Inside Information From Industry Veterans
How Insurance Companies Settle Cases covers the spectrum of settlement concerns from estimating bodily injury damages and investigating coverage to claims denials and action letter outlines. Speed the processing of your claims and reduce your frustration with insurance companies. This book offers:
- Insurance company settlement techniques to watch out for
- Aspects of claims frequently questioned by insurance companies
- Insurance policy defenses and coverage issues
- How to communicate with insurance companies
- Duties owed by insurance companies
- How to deal effectively with adjusters
- How insurance companies process claims
- Adjusters’ most popular negotiating techniques
- How reserves and indexing systems work
- What insurance companies look for in their investigations
- How insurance companies seek to limit coverage
Knowing how insurance companies operate can help you obtain fair settlements faster. By learning what counts with the home office and what doesn’t, you can present your case in its best light with minimum wasted effort, and make both you and your case stand out.
The book is filled with settlement information from an insider that you can put to use today. A few tips include:
- “Adjusters will frequently offer two-thirds or one-half of the demand received from the plaintiff’s attorney” Section 240
- “A local claims manager has about $50-100,000 discretionary settlement authority. He will usually extend $20-30,000 discretionary settlement authority to his claims supervisors, and $10-15,000 to the office claims staff.” Section 240
- The prudent plaintiff’s attorney will ask the insurance company point-blank, in the very beginning stage of the relationship, “Are there any coverage issues? Are there any liability issues?” Section 702.1
- “Avoid Monday mornings and Friday afternoons as this is the busiest time for adjusters. These are the times they will be least receptive to attorneys’ phone calls or requested meetings.” Section 780
- “99% of the plaintiff’s attorneys don’t know about the supplementary coverages which are due and payable in excess of the policy limits.” Section 240
- “A natural trap that many attorneys fall into is to negotiate the value of their case against the policy limits. If the plaintiff was 20% at fault in a comparative fault jurisdiction and policy limits are $100,000, many attorneys will ask for $80,000. They should instead value the case without regard to the policy limits.” Section 740.1
- “Nurses in hospitals and clinics keep the best documentation on observed pain of a given patient. Use their notes to screen out phony claims of soft tissue injuries.” Section 240
- “An undocumented demand is not worth the paper it is written on. The insurance industry loves all claims documented, and loves paperwork. Why? Because that’s the way it has always been done.” Section 702.7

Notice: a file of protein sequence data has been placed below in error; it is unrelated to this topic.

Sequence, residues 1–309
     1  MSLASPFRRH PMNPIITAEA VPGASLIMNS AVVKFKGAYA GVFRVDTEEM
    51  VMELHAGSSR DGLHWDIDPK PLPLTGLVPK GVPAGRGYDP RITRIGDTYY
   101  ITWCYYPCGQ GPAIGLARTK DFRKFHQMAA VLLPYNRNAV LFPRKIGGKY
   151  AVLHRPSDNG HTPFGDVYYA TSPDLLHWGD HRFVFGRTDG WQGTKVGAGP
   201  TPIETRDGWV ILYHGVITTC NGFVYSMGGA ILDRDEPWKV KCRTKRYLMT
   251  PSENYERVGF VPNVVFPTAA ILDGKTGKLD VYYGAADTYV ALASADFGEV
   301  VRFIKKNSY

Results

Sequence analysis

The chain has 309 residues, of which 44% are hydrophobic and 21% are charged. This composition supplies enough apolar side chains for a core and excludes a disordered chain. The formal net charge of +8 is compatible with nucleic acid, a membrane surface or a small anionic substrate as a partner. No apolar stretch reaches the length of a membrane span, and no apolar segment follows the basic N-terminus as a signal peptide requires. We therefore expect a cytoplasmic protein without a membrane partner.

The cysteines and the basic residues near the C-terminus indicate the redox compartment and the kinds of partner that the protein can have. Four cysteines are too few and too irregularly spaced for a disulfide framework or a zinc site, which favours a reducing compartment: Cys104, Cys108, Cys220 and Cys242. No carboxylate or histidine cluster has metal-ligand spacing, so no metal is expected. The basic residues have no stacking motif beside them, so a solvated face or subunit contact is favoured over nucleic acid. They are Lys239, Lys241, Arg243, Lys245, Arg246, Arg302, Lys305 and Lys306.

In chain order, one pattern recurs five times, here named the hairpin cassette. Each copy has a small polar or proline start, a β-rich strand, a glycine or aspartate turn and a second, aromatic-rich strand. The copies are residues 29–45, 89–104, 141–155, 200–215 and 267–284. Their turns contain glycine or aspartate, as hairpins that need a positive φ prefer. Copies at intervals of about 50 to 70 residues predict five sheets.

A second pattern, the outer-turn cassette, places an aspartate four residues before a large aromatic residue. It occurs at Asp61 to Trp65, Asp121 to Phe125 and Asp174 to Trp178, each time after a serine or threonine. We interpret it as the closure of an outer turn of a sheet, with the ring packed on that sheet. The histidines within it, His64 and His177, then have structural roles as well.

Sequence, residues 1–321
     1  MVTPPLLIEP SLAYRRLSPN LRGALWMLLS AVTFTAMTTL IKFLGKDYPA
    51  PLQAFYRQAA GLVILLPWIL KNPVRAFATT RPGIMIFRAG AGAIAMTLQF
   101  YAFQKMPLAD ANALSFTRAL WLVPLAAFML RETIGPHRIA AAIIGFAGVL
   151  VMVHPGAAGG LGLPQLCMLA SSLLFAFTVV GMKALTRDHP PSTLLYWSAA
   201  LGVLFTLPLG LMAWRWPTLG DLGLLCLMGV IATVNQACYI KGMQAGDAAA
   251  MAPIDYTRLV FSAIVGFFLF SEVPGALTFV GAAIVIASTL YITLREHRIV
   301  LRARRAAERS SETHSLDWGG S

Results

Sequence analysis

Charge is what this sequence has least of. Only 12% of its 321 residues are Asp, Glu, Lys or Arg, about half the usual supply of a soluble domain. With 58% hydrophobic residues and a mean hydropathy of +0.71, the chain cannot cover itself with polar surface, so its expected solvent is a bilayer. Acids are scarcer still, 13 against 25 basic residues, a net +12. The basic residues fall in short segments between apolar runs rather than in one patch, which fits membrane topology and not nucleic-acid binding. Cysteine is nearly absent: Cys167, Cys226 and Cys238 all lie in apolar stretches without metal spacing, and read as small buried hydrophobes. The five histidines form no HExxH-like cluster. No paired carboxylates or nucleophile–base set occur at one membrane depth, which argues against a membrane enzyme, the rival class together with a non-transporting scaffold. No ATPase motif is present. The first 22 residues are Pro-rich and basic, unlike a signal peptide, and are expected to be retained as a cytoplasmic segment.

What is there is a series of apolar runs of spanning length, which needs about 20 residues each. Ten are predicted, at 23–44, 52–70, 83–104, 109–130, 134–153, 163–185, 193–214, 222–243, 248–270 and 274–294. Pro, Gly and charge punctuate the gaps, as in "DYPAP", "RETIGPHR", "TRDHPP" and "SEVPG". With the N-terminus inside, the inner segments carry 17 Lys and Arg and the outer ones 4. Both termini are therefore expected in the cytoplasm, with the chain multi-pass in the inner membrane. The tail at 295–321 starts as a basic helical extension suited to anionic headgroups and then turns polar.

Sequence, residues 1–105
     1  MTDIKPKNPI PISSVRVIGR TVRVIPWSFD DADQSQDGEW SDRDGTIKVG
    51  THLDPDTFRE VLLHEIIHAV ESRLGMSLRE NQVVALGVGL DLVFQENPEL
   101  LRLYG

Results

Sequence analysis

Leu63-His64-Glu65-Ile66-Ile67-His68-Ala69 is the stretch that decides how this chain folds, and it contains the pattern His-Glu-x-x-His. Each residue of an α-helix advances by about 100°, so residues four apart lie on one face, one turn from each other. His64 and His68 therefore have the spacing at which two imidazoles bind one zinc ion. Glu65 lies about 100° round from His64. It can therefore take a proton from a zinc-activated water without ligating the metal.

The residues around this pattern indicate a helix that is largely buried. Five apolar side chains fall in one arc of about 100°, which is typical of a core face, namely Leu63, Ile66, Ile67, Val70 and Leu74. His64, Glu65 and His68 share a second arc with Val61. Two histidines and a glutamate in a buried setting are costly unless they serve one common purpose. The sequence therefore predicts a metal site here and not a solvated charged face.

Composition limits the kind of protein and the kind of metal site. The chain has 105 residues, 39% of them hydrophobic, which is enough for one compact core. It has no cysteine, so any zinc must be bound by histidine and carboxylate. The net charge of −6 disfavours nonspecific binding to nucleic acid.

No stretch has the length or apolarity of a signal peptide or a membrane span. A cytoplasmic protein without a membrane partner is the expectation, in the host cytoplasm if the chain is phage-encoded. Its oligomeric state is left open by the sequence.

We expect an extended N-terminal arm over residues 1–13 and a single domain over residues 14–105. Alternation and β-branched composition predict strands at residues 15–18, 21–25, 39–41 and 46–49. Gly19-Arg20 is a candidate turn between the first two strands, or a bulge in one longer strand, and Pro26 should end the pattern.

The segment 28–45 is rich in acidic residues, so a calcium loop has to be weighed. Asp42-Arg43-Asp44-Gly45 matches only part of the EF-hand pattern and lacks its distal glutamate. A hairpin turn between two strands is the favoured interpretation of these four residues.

- “The general rule of the claims adjusting industry is that 30 days is the usual and customary time limit in which to request an insurance company to respond to a settlement demand. This is because the claims industry is set up on a 30-day diary system.” Section 702.7
- “Usually when an attorney puts a time limit of ten to thirty days on his demand letter, the paperwork requirements are set aside, and settlement authority is granted by telephone. The idea is that the paperwork can be done on or after the date the case is settled, rather than before.” Section 240
How Insurance Companies Settle Cases reveals how insurance companies evaluate and negotiate claims, and answers the following questions:
- How do insurance companies value cases?
- What do adjusters need to settle a case?
- Who makes the real decisions on insurance cases?
- How do insurance companies value pre-existing injuries?
- How do I prove my client really suffers from a soft tissue injury?
- What is the structure of most claims departments?
- How do I learn policy limits and get a copy of the insurance policy?
Direct answers to every one of these questions are given in Section 240 of How Insurance Companies Settle Cases, and the book is chock-full of more insurance company secrets.
REVISION 26 HIGHLIGHTS
This edition of How Insurance Companies Settle Cases brings you updated material on:
- Evaluating an insurer’s conduct for bad faith.
- Website addresses for obtaining insuranceagentlicensingdatain various states.
- Agent or broker liability; intermediate brokers; broker’s standard of care.
- Insurer’s heightened obligation to investigate before rescinding policy for misstatements on applications not on ACORD forms.
- Limits on the information an insurer can request in an EUO.
- Employee compensation and bonuses tied to insurance company’s financial success.
- California’s Howel reduction in recoverable medical expenses.
- Validity of non-waiver agreements when some policy benefits are undisputed.
- Applicability of standard form insurance to cyber theft claims.
- State statutes requiring disclosure of policy limits.
- State statutes requiringplainandconspicuousnoticebeforereductionsincoverage areeffective.
- Insurer settlement error: failure to provide all medical records to reviewing physician.
- Insurer settlement error: offering policy benefits only as part of a settlement offer.
- Insurer’s failure to set litigation expense reserves.
- Insurer’s attempts to withhold the claims file based on attorney-client privilege.
- Extraordinary bad faith claims: Reimers v. Everest Indemnity Insurance Co.; Davis v. Fidelity Nat’l Title Ins. Co.